I promised a post on religion, but before I start it I suppose I should make my own views clear.
I am an atheist. I do not believe in the existence of any god or gods of any description. I decided on this probably in my early twenties, after spending a few years wavering between agnosticism and atheism. My childhood was fairly religious, not in the sense that my parents were (they were anything but), but I went to faith schools and got a pretty thorough education in the Bible. I just decided at some point that I could not believe in some all-powerful being up in the sky who created the world. To me, God is a means of blaming someone else.
With that out of the way, I would also like to make it clear that my philosophy is very much ‘live and let live’. I don’t care one whit what you believe, as long as you don’t try to make me believe it too. In return I’ll do the same. One of my best friends is a devout Catholic and we respect each other’s views; it has never been a problem for either of us.
When it comes to writing fantasy, however, you cannot really get around creating a pantheon to work with. Religion is an incredible driving force in many fantasy novels, with heretics or heathens threatening the heroes, or the heroes experiencing their own internal struggle to cope with conflicting faiths (as demonstrated very well in The Light of Kerrindryr by my very good friend H Anthe Davis). Terry Pratchett’s Discworld series has its bickering gods at Cori Celesti, who interfere in the world’s daily affairs to such an extent that to proclaim you’re an atheist demonstrates either stupendous bravery or suicidal tendencies. Scott Lynch’s The Lies of Locke Lamora has its Twelve Gods pantheon, with the Crooked Warden, patron of thieves, as its thirteenth, mostly unknown God. Even The Lord of the Rings has a Creator of All in Eru, with the Valar as the ‘lesser’ gods, even if they are never referred to as such. The only series I can think of off the top of my head that didn’t have gods is Robert Jordan’s Wheel of Time, but I’m not even sure about that (feel free to set me straight).
To write a book without a theology would be an incredible challenge, but I doubt I’ll ever attempt it myself. Not because I need the gods as a driving force behind my overarching story arc or anything, no, my reasons are far simpler than that: my characters swear.
I have spoken about swearing in books before, so I won’t go into the pros and cons of swearing again. The fact is that, in Fantasy, your characters cannot use expressions such as ‘Jesus’ or ‘Christ’ without it being completely incongruous to the world (unless you write urban fantasy in ‘our’ world perhaps), so as a writer you have to come up with an alternative.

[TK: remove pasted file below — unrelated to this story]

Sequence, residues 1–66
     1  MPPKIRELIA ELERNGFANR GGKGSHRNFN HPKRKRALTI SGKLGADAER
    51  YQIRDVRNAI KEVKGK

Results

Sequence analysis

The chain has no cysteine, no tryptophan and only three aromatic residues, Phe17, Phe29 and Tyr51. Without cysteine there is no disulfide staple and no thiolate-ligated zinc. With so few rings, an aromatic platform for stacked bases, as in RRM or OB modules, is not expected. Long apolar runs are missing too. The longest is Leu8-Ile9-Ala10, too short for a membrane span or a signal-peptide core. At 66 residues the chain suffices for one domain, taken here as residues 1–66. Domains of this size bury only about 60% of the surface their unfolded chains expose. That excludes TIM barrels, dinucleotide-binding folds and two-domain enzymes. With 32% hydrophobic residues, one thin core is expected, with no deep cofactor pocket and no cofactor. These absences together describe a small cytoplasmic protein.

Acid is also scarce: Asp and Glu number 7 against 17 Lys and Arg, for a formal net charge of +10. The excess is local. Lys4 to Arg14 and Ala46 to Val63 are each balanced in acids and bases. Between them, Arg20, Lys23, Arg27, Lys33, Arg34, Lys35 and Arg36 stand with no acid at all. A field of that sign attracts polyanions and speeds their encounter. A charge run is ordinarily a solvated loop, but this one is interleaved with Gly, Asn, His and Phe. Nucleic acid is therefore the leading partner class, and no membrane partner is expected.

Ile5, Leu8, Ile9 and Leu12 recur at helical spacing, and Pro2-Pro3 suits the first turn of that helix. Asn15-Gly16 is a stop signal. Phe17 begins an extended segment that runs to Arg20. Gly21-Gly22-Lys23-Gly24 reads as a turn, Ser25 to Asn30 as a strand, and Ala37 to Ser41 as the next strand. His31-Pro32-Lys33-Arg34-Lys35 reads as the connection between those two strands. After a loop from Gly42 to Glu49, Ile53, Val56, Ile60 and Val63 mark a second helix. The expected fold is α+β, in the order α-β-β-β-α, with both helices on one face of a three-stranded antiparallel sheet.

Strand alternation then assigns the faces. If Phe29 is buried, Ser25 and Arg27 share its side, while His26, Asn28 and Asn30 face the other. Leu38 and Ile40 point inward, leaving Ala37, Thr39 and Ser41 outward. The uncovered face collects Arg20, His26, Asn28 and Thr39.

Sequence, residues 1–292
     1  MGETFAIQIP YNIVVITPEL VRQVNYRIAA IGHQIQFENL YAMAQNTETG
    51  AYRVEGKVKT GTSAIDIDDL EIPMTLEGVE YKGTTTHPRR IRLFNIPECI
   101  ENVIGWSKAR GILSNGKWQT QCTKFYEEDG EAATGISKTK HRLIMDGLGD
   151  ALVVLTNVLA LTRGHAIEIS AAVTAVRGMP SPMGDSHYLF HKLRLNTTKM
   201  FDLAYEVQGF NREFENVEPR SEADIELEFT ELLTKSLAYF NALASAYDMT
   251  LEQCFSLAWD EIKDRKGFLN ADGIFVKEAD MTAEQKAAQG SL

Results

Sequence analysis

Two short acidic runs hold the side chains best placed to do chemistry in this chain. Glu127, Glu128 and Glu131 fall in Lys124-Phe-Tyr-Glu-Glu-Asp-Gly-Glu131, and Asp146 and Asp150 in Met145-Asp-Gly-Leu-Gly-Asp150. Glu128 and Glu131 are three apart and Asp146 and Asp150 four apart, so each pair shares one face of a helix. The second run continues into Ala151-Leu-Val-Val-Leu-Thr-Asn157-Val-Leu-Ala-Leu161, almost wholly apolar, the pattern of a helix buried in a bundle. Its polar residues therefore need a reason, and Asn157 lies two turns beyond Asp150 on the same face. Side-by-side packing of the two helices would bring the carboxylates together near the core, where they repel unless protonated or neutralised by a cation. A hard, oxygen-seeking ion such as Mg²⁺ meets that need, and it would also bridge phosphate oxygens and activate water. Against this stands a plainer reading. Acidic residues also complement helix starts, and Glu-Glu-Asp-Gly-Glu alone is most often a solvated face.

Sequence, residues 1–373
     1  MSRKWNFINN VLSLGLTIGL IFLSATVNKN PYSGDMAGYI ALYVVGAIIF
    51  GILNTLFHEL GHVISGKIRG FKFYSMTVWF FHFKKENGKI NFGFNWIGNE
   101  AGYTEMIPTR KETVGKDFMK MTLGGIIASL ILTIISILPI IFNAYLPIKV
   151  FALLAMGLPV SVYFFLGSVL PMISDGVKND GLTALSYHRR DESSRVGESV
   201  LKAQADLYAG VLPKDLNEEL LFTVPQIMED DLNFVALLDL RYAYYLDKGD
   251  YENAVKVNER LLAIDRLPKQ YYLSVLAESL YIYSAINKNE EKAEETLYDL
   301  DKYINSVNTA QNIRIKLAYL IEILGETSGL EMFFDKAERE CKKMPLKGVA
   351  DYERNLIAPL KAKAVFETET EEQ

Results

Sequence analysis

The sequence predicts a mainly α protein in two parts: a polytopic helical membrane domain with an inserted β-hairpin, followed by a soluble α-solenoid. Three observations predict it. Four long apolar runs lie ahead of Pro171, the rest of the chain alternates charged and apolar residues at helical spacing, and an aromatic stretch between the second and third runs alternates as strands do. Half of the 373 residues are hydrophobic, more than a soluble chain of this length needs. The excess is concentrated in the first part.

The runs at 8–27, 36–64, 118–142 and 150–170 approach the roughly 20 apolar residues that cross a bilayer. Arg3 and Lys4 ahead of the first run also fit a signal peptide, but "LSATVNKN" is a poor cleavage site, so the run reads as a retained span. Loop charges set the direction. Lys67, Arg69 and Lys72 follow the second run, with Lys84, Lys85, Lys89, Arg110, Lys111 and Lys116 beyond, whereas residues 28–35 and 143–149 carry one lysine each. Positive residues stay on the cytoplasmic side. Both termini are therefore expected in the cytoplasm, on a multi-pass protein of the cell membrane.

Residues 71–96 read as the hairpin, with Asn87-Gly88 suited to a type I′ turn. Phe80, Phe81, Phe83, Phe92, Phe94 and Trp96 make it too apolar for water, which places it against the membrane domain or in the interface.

For my books I have kept my pantheon as simple as I possibly could, because swearing really is the only reason I needed gods for. My stories do not centre around farmboy heroes saving the world, with or without the help of the gods, nor do they feature an everlasting war between two different faiths. My stories centre around two people falling in love, with an action/adventure plot to keep things interesting. In a sense, my book is as atheist as it can possibly be while still having gods, and that is purely because as a person I simply have no interest in gods or religion.
As such my world has no temples or priests. I have one monastery, but even if that weren’t the den of depravity I’ve made it out to be in book one, it would still be an archaic relic of older times when people still devoted their lives to the worship of the gods. The people in my world believe in the gods, but in a very detached way. You murmur a quick prayer if you have to do something difficult, thank the gods if something good happens, but other than that no one really thinks about them.
I’ve still not fully decided how many gods there are in my pantheon. At least two, but maybe three. The first god I thought up was Trakan, who is usually evoked in anger or frustration: ‘Trakan’s Teeth, what did you do that for!?’ For milder exclamations, such as surprise or disbelief, people tend to use ‘Mennia’s Mercy’, or simply ‘Mercy’. I figure that Mennia is Trakan’s wife, and she is the gentle balance to his harsh judgement. Together they govern Eternity, which is my version of heaven or paradise or the elysian fields, or whatever. Eternity has a Right side and a Wrong side, and a common curse is ‘may you burn forever on the Wrong side of Eternity’. The Wrong side is of course overseen by Trakan, gnashing his Teeth, while Mennia in her Mercy can decide to let you stay on the Right side of eternity.
For book three I may introduce a third god, Firkan, though I haven’t quite decided yet. If he does feature then he will be Trakan and Mennia’s son, and he will govern fire and sorcerers.
As always this is fairly sketchy, but it suits my purposes. I have no need for thirty-seven gods who deal with rain, sparrows, buttercups or horse manure, so I’ve created two simple, alliterative exclamations and run with them.
As an aside, not having God, Jesus and the Holy Ghost is sometimes tricky enough, but it’s equally tricky when your world doesn’t have a heaven and hell. At some point, without thinking, I had made a character exclaim ‘what the hell are you doing here?’, and it took until the second edit for me to pick up on the fact that I have no hell, so I had to change it to ‘what in Eternity are you doing here?’ Similarly, when it started raining I could not say that the heavens opened, and instead had to say that the skies opened. Subtle differences, but as an author you have to be very alert for those, or risk jarring your reader out of their immersion in your book.
For a less me-centric view on religion in fantasy, check out this thread on this very topic, which started a day or two ago on Fantasy Faction’s boards.
As always I’m interested in other people’s views on this, so please do leave some comments!